2.1. How do countries design financial incentives to promote savings for retirement?

Countries use two primary types of financial incentive to encourage individuals to save for retirement, tax incentives and non-tax incentives. Traditional forms of savings are taxed the same way as other income and earnings: contributions are paid from after-tax earnings; the investment income generated is taxed; and withdrawals following retirement age are exempted from taxation. This is generally referred to as the “Taxed-Taxed-Exempt” or “TTE” tax regime. Tax incentives for retirement savings arise from deviating from this benchmark. Non-tax incentives include matching contributions and fixed nominal subsidies. These are payments made by the government or employers directly into the pension account of eligible individuals.2

To establish the tax treatment of retirement savings, it is necessary to know how contributions, returns on investment and withdrawals are taxed. A preferential tax treatment on those three flows can take the form of tax deductions, tax exemptions, tax credits or tax rate relief. Tax deductions and tax exemptions reduce an individual’s taxable income. The value of the reduction in tax liability associated with the deduction or exemption depends on an individual’s marginal tax rate. For example, contributions may be deducted from taxable income (fully or partially) before calculating the tax due, while returns on investment may be excluded from the tax base. By contrast, tax credits directly reduce tax liability. A tax credit may be calculated as a proportion of the contributions paid into a retirement savings plan or can be a fixed nominal amount. Tax credits are classified as “non-refundable” when the value of the credit cannot exceed the tax liability. Finally, tax rate reliefs reduce the tax rate applied on the income flow. For all these tax treatments, caps can be introduced to limit tax relief.

The most common tax treatment of retirement savings exempts contributions and returns on investment from taxation while taxing pension benefits and withdrawals as income. Figure 2.1 classifies countries according to the tax treatment of contributions, returns on investment and withdrawals for the main retirement savings plan. Half of OECD countries use a variant of the “Exempt-Exempt-Taxed” (“EET”) tax regime. However, a wide range of other tax regimes can be found as well, from the “EEE” regime where contributions, returns on investment and pension income are all tax exempt, to regimes where two of three flows are taxed.3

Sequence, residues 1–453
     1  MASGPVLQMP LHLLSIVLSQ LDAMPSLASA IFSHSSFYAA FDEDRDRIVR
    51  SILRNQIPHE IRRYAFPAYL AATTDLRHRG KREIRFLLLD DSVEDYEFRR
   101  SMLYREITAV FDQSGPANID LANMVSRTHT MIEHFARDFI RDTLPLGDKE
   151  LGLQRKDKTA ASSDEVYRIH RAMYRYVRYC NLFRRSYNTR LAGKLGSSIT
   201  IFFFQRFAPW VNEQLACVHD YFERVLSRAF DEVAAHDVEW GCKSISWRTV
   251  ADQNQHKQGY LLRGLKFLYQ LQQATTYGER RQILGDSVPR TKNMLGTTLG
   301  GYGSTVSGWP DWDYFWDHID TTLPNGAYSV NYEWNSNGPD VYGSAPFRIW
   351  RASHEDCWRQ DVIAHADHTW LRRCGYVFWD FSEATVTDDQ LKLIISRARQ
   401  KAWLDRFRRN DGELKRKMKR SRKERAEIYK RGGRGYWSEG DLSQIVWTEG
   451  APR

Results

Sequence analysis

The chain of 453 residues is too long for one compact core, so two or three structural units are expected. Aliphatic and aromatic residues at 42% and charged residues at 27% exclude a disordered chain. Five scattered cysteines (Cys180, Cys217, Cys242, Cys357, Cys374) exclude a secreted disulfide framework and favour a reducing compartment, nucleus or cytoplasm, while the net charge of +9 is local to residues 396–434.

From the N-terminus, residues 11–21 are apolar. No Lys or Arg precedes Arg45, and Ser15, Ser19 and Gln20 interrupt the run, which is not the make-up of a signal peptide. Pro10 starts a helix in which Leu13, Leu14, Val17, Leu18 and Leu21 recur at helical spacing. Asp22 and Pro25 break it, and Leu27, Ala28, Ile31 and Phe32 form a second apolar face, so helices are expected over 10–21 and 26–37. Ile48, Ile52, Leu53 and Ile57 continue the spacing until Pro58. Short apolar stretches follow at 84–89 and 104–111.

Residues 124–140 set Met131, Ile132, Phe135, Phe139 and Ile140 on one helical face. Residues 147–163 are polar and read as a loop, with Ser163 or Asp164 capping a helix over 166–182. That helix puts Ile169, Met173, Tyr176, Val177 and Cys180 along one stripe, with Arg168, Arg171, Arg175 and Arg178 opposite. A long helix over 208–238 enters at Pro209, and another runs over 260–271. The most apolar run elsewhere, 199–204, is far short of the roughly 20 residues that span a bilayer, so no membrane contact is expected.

Figure 2.1. Tax treatment of retirement savings, 2018
picture

Notes: Main pension plan in each country. “E” stands for “exempt” and “T” for “taxed”. Countries offering tax credits on contributions are considered as taxing contributions, as the tax credit may not cover the full amount of tax paid on those contributions. 4 5

Source: (OECD, 2018[1]).

Public pay-as-you-go (PAYG) pension arrangements are also generally subject to the “EET” tax regime. This is an argument in favour of providing the same tax treatment, “EET”, to funded pension arrangements. In most OECD countries, employees’ social security contributions are deductible from income, the (implicit or explicit) internal rate of return of the PAYG scheme is exempt from personal income tax, and pension benefits are taxed as income. Of the 18 OECD countries applying the “EET” tax regime to their main retirement savings plan, 13 also apply it to their mandatory PAYG pension arrangement (OECD, 2017[2]).

Figure 2.1 masks the heterogeneity that exists within countries. The tax treatment of contributions to retirement savings plans may vary according to the source of the contributions (the employee, the employer or the government), their mandatory or voluntary nature, the type of plan into which they are paid (personal or occupational), or the income of the plan member. In addition, limits to the amount of contributions eligible for tax relief may differ for various types of contributions. In countries where returns are taxed, tax rates may vary according to the holding period of the investments, the type of asset class, or the income of the plan member. Finally, the tax treatment of pension income may differ according to the source of the contributions, the form of the post-retirement product or the age of retirement.